So, what does this mean for employers?

People have previously received suspended sentences in Queensland and Victoria, and individuals have received custodial sentences under the Criminal Code following serious and catastrophic workplace health and safety incidents, however the recent verdicts in Queensland and Victoria have demonstrated that the prosecutors and the courts are taking their new powers under industrial manslaughter provisions seriously.
I have heard employers, supervisors and employees say that they believe that the job of the state’s Health and Safety regulators is to make life difficult for the person doing the work, that they don’t care about safety, only what their clipboard says, or that they just want to drive people out of business by making it too difficult to comply with legislative requirements. Through my interactions with Workplace Health and Safety Inspectors, this is not the impression that I have got. They seem most concerned with preventing workers from being injured or killed while earning an income to support their families. If there is a failing though, they are prepared to hand out improvement notices, issue infringements or refer the case to prosecutors. The role of Inspectors is demanding and, in many cases, thankless. There are similarities to police too, in that no one enjoys it when they are handed an infringement notice (traffic ticket) by a police officer, however most are very grateful when the police turn up in situations when they really need the assistance.

Complying with health and safety legislation, regulations and codes of practice should not continue to be viewed as ‘optional’ by employees or their employers. The consequences are serious. The punishments are also serious. Is saving some money on your next contract worth risking up to 20 years in prison (individual), or a $13,055,000 fine (company)? No, that is not a typo, the maximum penalty for a company structure is $13 million – plus a few thousand, however what’s a few thousand when you’re already in the millions?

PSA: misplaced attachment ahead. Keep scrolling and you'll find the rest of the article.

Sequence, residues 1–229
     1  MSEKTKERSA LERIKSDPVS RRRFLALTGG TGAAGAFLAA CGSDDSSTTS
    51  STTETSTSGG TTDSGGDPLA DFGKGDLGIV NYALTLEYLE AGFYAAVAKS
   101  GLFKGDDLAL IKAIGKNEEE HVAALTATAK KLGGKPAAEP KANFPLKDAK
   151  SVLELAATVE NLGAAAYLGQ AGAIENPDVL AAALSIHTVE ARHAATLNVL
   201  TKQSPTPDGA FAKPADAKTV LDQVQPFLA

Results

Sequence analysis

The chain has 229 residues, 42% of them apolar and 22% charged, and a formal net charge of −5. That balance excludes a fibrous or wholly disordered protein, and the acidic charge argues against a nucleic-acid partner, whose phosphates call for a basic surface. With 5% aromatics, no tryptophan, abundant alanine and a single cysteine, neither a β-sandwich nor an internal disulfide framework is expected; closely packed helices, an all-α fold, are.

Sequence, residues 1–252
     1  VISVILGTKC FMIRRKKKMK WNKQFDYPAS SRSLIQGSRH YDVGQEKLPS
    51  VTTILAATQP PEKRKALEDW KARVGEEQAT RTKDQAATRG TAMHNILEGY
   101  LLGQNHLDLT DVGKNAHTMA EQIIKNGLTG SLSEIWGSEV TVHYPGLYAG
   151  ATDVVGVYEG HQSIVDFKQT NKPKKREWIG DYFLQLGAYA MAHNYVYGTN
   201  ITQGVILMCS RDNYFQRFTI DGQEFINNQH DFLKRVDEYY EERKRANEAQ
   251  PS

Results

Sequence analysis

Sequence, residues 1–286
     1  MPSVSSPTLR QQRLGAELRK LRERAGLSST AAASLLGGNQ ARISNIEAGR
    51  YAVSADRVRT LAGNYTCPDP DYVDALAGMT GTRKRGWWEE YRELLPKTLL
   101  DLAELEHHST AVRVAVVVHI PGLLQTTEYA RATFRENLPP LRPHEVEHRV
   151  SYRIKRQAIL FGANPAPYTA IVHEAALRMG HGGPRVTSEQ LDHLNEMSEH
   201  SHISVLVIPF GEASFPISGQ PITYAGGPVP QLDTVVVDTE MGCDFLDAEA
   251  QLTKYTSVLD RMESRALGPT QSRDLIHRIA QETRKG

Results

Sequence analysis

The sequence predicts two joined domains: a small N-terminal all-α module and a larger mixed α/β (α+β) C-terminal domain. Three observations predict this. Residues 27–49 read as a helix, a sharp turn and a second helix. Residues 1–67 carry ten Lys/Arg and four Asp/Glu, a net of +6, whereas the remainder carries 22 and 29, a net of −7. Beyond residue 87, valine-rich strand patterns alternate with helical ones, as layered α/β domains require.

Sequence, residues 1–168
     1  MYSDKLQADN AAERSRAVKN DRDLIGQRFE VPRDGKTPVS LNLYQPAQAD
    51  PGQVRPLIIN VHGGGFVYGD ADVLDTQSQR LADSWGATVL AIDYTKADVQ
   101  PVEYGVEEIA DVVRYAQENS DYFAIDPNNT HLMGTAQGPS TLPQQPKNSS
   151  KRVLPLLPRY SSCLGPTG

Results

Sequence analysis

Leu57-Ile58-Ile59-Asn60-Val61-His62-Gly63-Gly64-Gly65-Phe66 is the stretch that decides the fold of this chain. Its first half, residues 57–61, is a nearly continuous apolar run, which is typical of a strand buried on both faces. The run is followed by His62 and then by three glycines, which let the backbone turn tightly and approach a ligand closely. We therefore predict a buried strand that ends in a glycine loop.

Stay safe out there everyone, because as bad as the punishments sound for non-compliance, do you think you could live happily for the rest of your life knowing that your actions (or inactions) led to the serious injury or death of someone that you employ, someone you work with, a mate?


James Thompson is a qualfied painter and painting trainer. He is currently studying Bachelor of Commerce in Employment Relations and accounting at Griffith University.


Any possible leads for an employment opportunity in this sector would be greatly appreciated, please contact him on LinkedIn or 0477 108 176 if you may be able to help a fellow painter.
The information contained in this article is for general interest only. The content does not constitute legal advice and should not be relied upon as such. The application and impact of laws can vary widely depending on specific circumstances. Specific legal advice should be sought from an independent professional before acting upon information contained in this article.


(1) legal term for a person who can make substantial decisions about the company, or someone who can significantly affect the financial standing. From section 9 of the Corporations Act 2001 (Cth)

[2] Anderson, S. (2018, May 26). Daniel Andrews promises industrial manslaughter to become new criminal offence. ABC News. Retrieved from https://www.abc.net.au/news/2018-05-26/daniel-andrews-criminal-offence-industrial-manslaughter/9803490

[3] Sarre, R. (2018, June 5). Why industrial manslaughter laws are unlikely to save lives in the workplace, Retrieved from https://theconversation.com/why-industrial-manslaughter-laws-are-unlikely-to-save-lives-in-the-workplace-97459

[4] Blake, K., Collier, C. (2018, August 23). Update on industrial manslaughter legislation, Retrieved from https://www.minterellison.com/articles/update-on-industrial-manslaughter-legislation

[5] Queensland Law Society. (2018, June 20). Queensland industrial manslaughter laws – countdown to 1 July, Retrieved from https://www.qls.com.au/About_QLS/News_media/News/Queensland_industrial_manslaughter_laws_countdown_to_1_July

[6] Workplace Health and Safety Queensland. (2019, February 12). Jail sentence and $1m fine over roofing fall fatality [Press release]. Retrieved from https://www.worksafe.qld.gov.au/news/2019/jail-sentence-and-$1m-fine-over-roofing-fall-fatality

[7] Cassidy, T. (2019, February 7). Company director jailed for a year and fined $1m over workplace death. ABC News. Retrieved from https://www.abc.net.au/news/2019-02-07/director-jailed-in-workplace-death-trial/10790852

[8] Jackson, S., Inglis, J. (2019, February 11). Queensland director imprisoned for reckless conduct in WHS duty breach, Retrieved from https://www.sparke.com.au/insights/queensland-director-imprisoned-for-reckless-conduct-in-whs-duty-breach/

[9] Jackson, S., Carosi, G. (2019, January 16). First prison sentence handed down for breach of WHS duty offence, Retrieved from https://www.sparke.com.au/insights/first-prison-sentence-handed-down-for-breach-of-whs-duty-offence/